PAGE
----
“(I feel for) those who have paid the price for their country and for our country – for the freedom that our country represents,” Dona said, looking at her husband. “And (after) all these years, now we’re just going to pack up?” “
Gene echoed those sentiments, but noted that he was not saying the United States should have stayed in Afghanistan. If the United States were to leave, he said, it would have to leave with the right plans and “without letting the world know what’s going on.”
“Now the people our son really loved… now all of these people are in danger,” he said.
“They are there for each other”
“To the men of the valley of the river Arghandab ’09 -’10,” the letter begins, “We are probably all disappointed that the Taliban is taking back control of Afghanistan. Kandahar city is one of the most recent places to fall.”
“I read an account that some veterans (of Operation Enduring Freedom) said their buddies who were killed died for no reason. No one can tell you how you feel about it, but I , I don’t agree with anyone who would say that the 22 men we lost had died in vain. “
“In my opinion, each of them gave his life for you, their brothers, who were to their left and to their right when things were bad …”
Colonel Jonathan Neumann, commander of the Dale Battalion in Afghanistan, told IndyStar he sent this note to his former soldiers and their families in mid-August because he knew it was “terribly disappointing to seeing and thinking that a lot of hard work “was taken away.
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Anniversaries of the deaths of some members of the battalion were also approaching, he said. The first two men were killed on August 18, and his men post photos and mementos of those they lost every year.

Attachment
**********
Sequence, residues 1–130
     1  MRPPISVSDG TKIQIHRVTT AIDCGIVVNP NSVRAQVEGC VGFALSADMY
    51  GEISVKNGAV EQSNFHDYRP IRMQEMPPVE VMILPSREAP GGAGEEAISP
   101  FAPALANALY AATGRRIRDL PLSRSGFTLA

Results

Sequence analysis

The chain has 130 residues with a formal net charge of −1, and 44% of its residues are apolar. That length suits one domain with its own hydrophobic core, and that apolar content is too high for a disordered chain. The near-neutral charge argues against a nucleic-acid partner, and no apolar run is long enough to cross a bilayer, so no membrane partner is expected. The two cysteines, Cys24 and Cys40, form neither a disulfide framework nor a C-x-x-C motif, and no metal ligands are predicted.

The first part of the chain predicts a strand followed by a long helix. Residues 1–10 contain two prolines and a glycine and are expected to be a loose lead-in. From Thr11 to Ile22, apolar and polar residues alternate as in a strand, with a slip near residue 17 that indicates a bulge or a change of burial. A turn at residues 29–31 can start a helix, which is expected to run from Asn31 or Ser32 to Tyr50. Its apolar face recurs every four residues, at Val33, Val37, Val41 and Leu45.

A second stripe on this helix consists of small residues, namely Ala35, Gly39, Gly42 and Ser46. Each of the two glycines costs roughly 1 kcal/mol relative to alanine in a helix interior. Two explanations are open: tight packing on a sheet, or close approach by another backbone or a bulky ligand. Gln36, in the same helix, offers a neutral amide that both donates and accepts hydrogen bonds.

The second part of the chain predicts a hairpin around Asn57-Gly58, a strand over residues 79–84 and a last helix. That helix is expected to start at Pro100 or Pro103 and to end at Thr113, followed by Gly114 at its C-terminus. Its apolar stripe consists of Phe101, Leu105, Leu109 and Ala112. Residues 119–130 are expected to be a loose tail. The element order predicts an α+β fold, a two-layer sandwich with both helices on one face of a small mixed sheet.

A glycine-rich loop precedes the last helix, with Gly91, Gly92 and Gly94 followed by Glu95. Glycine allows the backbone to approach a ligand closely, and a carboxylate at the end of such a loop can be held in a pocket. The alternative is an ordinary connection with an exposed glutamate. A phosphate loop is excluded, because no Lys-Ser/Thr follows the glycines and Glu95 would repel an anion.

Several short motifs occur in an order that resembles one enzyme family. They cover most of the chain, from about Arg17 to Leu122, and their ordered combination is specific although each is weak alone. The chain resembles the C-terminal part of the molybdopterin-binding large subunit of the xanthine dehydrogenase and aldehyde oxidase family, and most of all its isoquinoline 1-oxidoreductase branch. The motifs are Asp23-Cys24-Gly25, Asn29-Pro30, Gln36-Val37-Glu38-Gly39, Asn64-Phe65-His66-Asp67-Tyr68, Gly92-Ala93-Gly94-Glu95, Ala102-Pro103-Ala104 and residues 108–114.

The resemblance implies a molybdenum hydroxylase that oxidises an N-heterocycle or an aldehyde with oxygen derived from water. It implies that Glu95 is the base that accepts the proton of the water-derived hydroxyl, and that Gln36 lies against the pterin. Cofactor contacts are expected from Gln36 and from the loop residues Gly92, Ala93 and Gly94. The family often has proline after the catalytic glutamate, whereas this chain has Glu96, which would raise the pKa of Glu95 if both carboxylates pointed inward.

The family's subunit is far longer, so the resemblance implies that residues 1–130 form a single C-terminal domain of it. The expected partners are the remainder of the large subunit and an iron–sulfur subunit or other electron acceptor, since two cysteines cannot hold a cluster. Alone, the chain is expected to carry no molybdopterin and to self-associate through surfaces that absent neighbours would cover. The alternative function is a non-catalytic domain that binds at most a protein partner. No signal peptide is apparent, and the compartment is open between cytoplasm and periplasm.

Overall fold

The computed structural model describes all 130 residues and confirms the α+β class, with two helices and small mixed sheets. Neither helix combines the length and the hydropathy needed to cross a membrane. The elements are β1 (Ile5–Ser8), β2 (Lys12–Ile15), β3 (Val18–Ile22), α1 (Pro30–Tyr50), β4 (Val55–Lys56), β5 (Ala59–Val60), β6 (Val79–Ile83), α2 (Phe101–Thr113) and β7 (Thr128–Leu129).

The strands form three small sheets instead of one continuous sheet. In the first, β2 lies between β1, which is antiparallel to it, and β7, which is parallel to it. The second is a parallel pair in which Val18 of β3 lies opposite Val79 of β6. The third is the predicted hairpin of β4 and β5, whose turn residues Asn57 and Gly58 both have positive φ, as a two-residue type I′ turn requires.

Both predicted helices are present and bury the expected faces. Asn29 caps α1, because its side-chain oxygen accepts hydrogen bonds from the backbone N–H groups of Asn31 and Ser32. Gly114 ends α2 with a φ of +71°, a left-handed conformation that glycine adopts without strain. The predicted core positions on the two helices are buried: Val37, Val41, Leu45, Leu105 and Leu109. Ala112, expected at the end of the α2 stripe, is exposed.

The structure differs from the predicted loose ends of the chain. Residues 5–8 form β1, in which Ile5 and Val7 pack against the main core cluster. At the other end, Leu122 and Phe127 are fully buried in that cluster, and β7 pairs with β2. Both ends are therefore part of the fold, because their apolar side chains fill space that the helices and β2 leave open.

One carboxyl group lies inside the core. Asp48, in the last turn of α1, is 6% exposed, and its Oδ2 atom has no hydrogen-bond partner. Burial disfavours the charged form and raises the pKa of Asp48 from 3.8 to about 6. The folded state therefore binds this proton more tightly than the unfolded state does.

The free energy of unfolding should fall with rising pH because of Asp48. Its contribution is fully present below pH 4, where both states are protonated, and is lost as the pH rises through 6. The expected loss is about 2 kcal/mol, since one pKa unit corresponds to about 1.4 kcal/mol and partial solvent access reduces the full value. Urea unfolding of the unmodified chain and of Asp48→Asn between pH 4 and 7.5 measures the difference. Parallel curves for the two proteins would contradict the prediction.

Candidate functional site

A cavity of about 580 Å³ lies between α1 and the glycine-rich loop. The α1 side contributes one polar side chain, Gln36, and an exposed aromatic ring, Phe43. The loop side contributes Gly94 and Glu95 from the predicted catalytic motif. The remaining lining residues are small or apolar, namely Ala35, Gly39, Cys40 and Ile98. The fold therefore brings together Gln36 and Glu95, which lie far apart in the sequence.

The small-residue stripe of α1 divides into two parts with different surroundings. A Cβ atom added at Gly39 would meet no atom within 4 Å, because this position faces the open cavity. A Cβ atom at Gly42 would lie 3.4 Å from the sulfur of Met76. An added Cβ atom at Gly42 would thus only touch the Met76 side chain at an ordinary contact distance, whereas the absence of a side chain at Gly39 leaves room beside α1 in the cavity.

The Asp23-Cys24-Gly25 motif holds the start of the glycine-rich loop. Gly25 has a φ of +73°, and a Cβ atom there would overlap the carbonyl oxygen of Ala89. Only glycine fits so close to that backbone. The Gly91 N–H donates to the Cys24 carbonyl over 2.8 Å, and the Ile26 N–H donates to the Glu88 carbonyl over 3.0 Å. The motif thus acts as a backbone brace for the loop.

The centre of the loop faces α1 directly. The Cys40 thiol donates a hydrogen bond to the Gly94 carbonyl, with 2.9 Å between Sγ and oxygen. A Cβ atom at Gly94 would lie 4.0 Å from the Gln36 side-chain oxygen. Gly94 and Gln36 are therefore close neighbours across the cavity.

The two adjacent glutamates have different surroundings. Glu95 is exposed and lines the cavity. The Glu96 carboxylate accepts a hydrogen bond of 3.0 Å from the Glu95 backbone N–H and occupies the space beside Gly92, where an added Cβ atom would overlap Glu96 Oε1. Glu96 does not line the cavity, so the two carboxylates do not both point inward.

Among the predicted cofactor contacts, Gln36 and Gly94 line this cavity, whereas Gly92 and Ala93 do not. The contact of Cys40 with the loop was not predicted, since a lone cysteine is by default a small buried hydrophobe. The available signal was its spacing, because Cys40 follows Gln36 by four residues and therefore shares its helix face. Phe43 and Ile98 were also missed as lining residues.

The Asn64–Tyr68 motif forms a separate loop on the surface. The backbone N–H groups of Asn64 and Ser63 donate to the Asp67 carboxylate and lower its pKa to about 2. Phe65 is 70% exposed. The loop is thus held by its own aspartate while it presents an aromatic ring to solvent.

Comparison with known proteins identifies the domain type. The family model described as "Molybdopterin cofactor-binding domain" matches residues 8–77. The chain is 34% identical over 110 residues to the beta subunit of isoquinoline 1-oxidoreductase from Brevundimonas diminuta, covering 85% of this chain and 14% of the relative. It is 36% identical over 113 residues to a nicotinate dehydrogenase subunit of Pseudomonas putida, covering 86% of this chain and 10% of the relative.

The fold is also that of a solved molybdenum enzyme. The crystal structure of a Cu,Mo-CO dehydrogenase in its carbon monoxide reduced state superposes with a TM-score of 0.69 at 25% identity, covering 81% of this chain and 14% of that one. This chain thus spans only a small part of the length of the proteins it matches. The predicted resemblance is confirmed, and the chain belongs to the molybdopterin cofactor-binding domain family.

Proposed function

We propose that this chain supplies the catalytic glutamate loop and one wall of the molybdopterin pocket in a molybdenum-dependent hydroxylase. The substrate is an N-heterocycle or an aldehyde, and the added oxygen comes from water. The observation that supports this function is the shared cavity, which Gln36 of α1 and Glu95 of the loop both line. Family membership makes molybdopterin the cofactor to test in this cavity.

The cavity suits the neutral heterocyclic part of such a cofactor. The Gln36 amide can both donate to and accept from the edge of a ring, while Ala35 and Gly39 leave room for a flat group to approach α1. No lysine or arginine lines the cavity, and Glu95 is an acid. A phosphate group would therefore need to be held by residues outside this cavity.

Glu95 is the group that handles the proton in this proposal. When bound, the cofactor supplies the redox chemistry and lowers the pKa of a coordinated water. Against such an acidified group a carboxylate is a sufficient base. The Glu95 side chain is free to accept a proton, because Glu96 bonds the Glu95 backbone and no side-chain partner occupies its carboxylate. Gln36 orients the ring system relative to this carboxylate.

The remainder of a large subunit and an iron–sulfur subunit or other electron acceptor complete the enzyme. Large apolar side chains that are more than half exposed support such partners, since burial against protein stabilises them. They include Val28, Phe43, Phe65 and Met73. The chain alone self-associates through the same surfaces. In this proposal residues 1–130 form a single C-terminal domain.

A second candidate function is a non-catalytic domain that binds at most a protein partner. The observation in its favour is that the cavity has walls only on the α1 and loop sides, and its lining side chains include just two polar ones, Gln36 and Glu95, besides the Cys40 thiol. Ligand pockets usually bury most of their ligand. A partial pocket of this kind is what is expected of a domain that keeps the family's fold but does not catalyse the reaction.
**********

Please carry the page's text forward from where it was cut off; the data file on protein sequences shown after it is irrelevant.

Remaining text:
“I would hate for someone to think these guys died in vain, that they died for nothing,” Neumann said. “I do not believe it at all.”
Unlike much of Afghanistan, the Arghandab Valley is a dense, vegetated area of pomegranate orchards, melons and other crops. The Taliban had placed “a lot of very large explosives” in the area before the arrival of Neumann’s men, he said, and used the valley as a passageway to launch attacks on Kandahar, the second largest city in the city. ‘Afghanistan.
This made the area “lethal,” Neumann said, and the men were often in combat.
“We were there for each other, not so much for a big mission,” Neumann said of his soldiers and their sacrifice. “At the end of the day, the young soldiers – they are in action and they are in action for each other left and right.”
He noted that his troops had “put a huge brake on Taliban operations” while they were in the valley and said they “left the place much better than we have inherited.”
Dale, Neumann said, was a hero and a “great athlete.” He recalled a time before the deployment to Fort Lewis in Washington state in which Dale won the heavyweight championship in an army combative mixed martial arts type competition.
And he won it hands down.
“Watching him do that was pretty impressive,” recalls the Colonel. “That’s sort of when you learned, OK, this guy is a little different than a lot of soldiers we had.”
“We feel Dale at the park”
For Gene and Dona Griffin, Colonel Neumann’s note has been one of the few things that has given them comfort in recent weeks.
But the Griffins have said their faith in God and their bicycle park in Terre Haute are the two main anchors that help them cope with the loss of their youngest son and the pain that recent events have brought to them. .
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Griffin Bike Park was founded in 2016 and offers over 20 miles of off-road trails. It started as a way to remember Dale – who loved mountain biking with his family – and the more than 200 Hoosier soldiers who lost their lives since the war on terror began 20 years ago.
One trail, the Warrior Trail, which features photos and names of dozens of deceased Hoosier servicemen on either side, has drawn veterans and their families from around the world. The trail leads to a bronze memorial for Dale.
“One thing we noticed is that we can smell Dale at the park,” Dona said with a smile. “We feel it blowing in the wind.”
In a ceremony in late August at the Indiana State Fair honoring fallen soldiers, Gene spoke about his son, his sacrifice, and the bike park.
He told the crowd that a person only dies twice: once when he leaves this Earth and a second time when his name is never mentioned again.
“It will never happen,” he said.